The government has accepted 744 claims by the families of health and social care frontline workers in England and Wales who died during the pandemic, and has so far paid over £43million compensation

By Dr Minh Alexander retired consultant psychiatrist, 30 January 2023

There has been secrecy about how badly COVID has affected frontline workers, for obvious reasons. The government’s negligence and policy failures raise serious liability issues.

In the NHS, it remains to be seen how well supported staff affected by long COVID will be.

The NHS has avoided publishing the actual number of staff affected by long COVID.

Not all NHS trusts even collect data on long COVID affecting their staff.

Indirect assessment of changes in NHS leavers patterns raised questions about upward trends in voluntary resignations for health reasons and early retirements.

FOI data from some NHS trusts indicated that NHS England had been collecting data on the numbers of NHS staff referred to post COVID assessment services, but that it has kept this data to itself.

A subsequent FOI response from NHS England denied that NHSE held such data.

The Department of Health and Social Care has washed its hands and does not intend to collate data on NHS staff affected by long COVID.

NHS Resolution admits it is handling personal injury claims by NHS staff affected with long COVID, but says the cases are not specifically coded and it cannot search for such cases.

Another route to data on the impact of COVID on NHS staff is the government scheme to compensate the families of health and social care staff who died from COVID-19 contracted at work, the NHS and Social Care Coronavirus Life Assurance Scheme 2020, for England and Wales.

The government’s published material stated:

 “The scheme recognises the increased risk faced by staff during the crisis and will cover coronavirus related deaths of workers in frontline health and adult and children’s social care roles during the outbreak.”

The scheme was established in May 2020 and closed on 31 March 2022 (30 June 2022 in Wales). It will remain open to applications up to 31 March 2023 (30 June 2023 in Wales) for deaths that occurred whilst the scheme was open.

The NHS Business Services Authority, an Arms Length Body of the Department of Health, administrates the scheme.

An FOI request to NHSBSA has resulted in the following response.

In summary, 91.6% (744 of 812) of claims by the families of deceased health and social care workers to the government’s scheme up to 21 December have been accepted. 96.6% (719 of 744) of the accepted claims have been paid, with over £43 million paid so far.

The details given in the NHSBSA FOI response are as follows:

“As of 21 December 2022, there have been a total of 812 claims submitted to the NHS and Social Care Coronavirus Life Assurance Schemes in England and Wales.

Of these, 500 claims relate to health and social care workers in the NHS. 291 relate to those employed in social care.”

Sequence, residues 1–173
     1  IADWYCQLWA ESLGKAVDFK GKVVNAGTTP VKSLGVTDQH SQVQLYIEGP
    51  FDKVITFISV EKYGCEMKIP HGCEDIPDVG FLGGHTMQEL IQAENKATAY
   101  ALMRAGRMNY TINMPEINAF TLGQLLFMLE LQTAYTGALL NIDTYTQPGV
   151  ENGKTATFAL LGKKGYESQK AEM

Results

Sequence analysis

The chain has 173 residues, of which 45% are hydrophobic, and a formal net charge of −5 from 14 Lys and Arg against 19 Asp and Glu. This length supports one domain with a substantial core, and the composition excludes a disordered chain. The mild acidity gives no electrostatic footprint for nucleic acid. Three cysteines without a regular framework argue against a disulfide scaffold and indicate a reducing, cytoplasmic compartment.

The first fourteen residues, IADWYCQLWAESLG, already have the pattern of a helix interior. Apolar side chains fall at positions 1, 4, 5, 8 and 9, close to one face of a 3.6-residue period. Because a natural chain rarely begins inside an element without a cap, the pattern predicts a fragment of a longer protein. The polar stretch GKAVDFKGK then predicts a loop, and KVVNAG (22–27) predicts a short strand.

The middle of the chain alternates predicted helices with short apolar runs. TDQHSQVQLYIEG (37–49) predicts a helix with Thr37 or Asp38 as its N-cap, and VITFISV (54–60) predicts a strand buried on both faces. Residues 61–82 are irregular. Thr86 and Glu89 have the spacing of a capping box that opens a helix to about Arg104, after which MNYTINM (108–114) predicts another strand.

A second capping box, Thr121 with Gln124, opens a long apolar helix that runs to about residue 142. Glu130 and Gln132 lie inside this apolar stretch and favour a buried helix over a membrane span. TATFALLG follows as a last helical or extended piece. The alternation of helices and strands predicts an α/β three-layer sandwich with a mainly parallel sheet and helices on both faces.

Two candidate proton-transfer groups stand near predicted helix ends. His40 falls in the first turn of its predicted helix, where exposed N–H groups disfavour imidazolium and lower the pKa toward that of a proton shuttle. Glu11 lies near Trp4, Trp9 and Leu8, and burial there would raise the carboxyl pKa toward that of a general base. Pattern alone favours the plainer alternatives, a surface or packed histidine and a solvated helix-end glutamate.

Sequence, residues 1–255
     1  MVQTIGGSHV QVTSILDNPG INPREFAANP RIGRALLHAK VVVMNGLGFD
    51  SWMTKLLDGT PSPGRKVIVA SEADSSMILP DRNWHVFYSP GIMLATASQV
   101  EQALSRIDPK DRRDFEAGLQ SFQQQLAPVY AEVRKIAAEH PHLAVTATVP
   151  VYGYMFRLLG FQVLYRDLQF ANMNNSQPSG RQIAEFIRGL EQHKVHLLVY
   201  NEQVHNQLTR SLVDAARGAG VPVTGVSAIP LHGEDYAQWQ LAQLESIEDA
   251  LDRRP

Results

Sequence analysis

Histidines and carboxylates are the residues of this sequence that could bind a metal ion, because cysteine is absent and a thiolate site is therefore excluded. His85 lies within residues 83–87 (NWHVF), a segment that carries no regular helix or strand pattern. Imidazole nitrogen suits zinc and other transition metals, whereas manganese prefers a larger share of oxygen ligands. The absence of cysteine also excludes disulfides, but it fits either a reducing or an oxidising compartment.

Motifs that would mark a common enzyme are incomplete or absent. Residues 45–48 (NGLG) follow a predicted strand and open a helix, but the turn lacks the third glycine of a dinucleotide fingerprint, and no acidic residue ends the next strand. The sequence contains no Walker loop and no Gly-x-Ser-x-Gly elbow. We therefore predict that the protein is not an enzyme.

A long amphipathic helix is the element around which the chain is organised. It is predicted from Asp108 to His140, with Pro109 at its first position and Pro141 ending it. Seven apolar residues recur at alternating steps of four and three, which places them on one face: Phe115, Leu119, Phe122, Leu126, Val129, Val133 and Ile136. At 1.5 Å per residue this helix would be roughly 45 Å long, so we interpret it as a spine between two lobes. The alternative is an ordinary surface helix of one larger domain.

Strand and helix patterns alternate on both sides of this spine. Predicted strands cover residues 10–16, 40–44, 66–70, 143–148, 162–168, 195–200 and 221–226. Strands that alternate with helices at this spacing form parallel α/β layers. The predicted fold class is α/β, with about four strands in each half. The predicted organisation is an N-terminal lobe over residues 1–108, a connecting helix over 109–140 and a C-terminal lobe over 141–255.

“Of the 812 claims submitted to the NHS and Social Care Coronavirus Life Assurance Schemes by the 21 December 2022, 744 had been accepted of which 451 related to the NHS and 276 to Social Care. 52 cases did not meet the eligibility criteria. The remaining 15 cases were under consideration and awaiting further information.”

“Of the 744 claims accepted on the 21 December 2022, 719 of the cases had received the payment. In total this amounts to £43,140,000 paid. In the remaining 25 cases, we were awaiting probate to enable payments to be made.”

About two thirds of the accepted claims related to NHS workers (451 of 744). But the social care workforce is slightly larger than the NHS workforce. The NHS workforce in England is about 1.3 million, the social care workforce in England is about 1.5 million.

According to an FOI release by ONS, there were a total of 1228 deaths of social care workers (aged 20 to 64 years) which involved COVID19 between 9 March 2020 and 28 February 2022. In the same period, there were 839 such deaths of healthcare workers.

It would be valuable to understand the reasons for the difference in rate of claims between NHS and social care workers, and whether the difference purely reflects the rate of work-related COVID deaths or also knowledge of and access to the compensation scheme.

The fact that the government has broadly accepted liability for the deaths must surely assist health and social care workers seeking support and redress for work-related long COVID injuries.

As does a recent coroner’s ruling early this month that the COVID deaths of two nurses in Wales constituted deaths from industrial disease.

Layla Moran MP and Chair of the coronavirus APPG is calling for frontline workers affected by long COVID, like NHS staff, to be immediately compensated.

There is a BBC Panorama broadcast tonight on how NHS workers have been affected by long COVID, and how many of them will now drop to half pay and are fearful of losing their jobs due to protracted illness and severe disability:

Forgotten Heroes of the Covid Front Line, 8 pm


I have written to the Secretary of State for Health and Social Care to ask if the government has done everything it can to make eligible families aware of the life assurance scheme, and to consider extending the window for claims if there is any possibility of under-claiming. The letter has been copied to the Welsh minister for Health and Social Care, the UK COVID public inquiry and the general secretaries of some of the main unions.

Letter to Steve Barclay SoS 31 January 2023

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